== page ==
Artist to Watch: Joy Clark
There’s lots of hot shot guitarists out there, but few bring a deep sense of joy to the table with them. That’s not meant to be a pun, but Joy Clark is literally an artist to watch — not only are her songs a soothing balm to a worried heart, watching Clark onstage is medicine in itself. Her deep sense of wellbeing radiates throughout the room, which is perhaps why she’s been picked up as a backing guitarist in Allison Russell’s band.
Clark was proudly born and raised in New Orleans, a city with a culture so robust with music that it is possible to work as a full-time musician without touring nationally. In a city where nearly everyone plays an instrument, Clarke had a strong reputation and made her way to Nashville with Lilli Lewis for AmericanaFest in 2021. Clark hit it off with other residents of the famed Black Opry House, which over the course of the festival evolved into an artist collective and traveling revue.
Clark’s music is rhythmic like the pull of the tide, likely due to her growing up playing guitar in church while her brother played drums – with no bass. This urged Clark to handle both the groove and the melody. That, along with her quiet joy, has brough her to the stage of the Grammys to play with Allison Russell, and towards breaking longstanding racist, sexist, and homophobic barriers in the country music industry.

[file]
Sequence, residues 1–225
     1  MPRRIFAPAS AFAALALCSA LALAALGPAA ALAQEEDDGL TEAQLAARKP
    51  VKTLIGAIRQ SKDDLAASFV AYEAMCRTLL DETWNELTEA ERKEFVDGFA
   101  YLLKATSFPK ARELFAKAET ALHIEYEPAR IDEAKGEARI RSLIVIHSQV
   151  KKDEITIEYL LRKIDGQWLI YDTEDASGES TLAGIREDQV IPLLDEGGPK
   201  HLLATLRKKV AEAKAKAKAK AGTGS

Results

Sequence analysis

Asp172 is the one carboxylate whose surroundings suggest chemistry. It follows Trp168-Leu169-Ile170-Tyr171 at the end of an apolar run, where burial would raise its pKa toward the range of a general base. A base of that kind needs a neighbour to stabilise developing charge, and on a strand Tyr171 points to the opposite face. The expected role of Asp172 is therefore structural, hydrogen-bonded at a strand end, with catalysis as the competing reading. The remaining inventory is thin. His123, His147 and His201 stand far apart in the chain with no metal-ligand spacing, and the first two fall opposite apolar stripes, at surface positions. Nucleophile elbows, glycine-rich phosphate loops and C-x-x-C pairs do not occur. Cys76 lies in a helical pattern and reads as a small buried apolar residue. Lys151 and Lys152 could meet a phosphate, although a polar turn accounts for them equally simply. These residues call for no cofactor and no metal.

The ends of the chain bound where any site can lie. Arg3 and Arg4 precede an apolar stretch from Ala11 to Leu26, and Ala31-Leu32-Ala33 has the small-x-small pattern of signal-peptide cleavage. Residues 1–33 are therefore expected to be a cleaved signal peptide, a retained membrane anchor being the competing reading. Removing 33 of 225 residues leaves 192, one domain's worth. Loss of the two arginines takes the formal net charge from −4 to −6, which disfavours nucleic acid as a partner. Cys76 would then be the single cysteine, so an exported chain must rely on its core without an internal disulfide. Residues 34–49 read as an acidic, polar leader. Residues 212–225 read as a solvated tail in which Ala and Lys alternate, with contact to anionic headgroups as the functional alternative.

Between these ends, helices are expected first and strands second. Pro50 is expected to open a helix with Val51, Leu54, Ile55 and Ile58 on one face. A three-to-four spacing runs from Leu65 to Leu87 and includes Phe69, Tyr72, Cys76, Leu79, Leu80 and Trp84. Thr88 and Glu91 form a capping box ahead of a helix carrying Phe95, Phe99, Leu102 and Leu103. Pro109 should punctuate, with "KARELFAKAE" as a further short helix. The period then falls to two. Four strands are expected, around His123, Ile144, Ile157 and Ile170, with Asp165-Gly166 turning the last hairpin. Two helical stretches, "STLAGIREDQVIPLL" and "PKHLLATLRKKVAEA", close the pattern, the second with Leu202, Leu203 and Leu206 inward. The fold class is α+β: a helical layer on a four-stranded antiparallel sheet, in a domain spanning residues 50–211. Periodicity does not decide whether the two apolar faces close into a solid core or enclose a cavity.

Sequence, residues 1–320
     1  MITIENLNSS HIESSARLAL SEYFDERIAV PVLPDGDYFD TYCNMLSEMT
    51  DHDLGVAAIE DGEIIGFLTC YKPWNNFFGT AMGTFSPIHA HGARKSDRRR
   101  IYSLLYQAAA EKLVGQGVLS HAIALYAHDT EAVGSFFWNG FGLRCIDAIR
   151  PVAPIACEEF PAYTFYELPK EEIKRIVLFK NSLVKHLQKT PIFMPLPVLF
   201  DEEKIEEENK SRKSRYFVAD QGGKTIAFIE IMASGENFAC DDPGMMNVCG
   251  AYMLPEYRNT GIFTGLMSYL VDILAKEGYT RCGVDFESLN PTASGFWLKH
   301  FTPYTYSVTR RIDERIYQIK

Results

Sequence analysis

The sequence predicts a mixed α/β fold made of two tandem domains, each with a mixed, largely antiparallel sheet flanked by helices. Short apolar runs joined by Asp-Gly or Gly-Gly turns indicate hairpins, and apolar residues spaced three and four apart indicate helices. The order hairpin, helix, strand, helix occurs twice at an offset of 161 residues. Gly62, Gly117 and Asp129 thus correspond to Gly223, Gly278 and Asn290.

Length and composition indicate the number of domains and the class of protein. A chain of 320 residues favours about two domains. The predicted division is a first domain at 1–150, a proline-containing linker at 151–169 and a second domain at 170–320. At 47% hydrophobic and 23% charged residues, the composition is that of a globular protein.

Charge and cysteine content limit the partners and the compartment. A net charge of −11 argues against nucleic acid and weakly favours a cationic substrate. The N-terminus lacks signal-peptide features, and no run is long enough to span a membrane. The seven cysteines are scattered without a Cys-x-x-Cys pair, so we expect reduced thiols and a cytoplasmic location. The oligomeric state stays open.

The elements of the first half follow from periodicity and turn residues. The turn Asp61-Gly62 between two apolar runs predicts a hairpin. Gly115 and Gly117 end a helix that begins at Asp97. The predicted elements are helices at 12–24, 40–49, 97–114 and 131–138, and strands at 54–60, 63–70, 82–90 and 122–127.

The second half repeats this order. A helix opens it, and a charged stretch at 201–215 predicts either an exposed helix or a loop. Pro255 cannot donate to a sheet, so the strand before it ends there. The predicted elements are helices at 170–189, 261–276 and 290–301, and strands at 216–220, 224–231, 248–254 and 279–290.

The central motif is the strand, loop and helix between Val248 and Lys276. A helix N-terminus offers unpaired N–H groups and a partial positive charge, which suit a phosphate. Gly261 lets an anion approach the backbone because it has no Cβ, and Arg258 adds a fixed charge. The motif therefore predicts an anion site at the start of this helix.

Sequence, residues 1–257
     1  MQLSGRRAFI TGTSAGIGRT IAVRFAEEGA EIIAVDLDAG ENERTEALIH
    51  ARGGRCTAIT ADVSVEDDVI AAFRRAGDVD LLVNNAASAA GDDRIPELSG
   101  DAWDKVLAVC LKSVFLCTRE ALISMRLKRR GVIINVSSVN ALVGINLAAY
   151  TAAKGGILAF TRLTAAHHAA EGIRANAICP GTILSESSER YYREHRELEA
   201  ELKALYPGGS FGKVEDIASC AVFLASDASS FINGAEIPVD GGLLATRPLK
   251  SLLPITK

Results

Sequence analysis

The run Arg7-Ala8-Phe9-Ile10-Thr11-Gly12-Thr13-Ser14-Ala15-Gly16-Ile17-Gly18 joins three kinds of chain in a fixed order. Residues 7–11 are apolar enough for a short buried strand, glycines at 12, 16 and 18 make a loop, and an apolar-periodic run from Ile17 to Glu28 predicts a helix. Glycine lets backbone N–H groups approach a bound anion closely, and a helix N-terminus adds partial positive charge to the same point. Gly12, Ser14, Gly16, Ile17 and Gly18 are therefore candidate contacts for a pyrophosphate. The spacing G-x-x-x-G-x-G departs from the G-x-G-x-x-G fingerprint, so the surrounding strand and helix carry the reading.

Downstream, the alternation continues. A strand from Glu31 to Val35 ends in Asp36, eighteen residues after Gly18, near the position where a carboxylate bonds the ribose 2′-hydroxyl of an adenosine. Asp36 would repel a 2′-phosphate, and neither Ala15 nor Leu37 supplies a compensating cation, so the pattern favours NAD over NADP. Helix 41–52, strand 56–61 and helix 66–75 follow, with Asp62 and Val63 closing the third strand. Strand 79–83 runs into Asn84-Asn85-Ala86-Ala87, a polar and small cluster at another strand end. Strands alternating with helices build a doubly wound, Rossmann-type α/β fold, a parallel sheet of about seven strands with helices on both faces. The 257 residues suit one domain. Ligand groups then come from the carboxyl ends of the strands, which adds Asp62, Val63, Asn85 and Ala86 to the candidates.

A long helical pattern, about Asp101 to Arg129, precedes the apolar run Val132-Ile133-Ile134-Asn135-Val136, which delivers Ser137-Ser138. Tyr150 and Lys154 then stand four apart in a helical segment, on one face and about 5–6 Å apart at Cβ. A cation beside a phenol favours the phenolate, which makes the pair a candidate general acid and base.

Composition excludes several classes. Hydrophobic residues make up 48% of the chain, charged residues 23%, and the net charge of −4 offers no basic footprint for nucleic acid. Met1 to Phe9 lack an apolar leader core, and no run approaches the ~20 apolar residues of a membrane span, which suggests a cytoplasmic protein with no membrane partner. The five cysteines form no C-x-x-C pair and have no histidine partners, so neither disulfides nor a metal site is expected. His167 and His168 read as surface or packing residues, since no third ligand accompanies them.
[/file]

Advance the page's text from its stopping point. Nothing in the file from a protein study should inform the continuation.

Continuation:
“I sort of approach music the way I approach life,” Clark told The Boot. “I listen before I say what I need to say. When I pick up my guitar, I play first and listen to whatever emotion I need to express at that point. I see music/songwriting as a cosmic conversation with myself. I don’t always know where it’s going, but I always have faith it’ll lead me to something really cool.”
Take a listen to Clark's latest track, "Good Thing," below: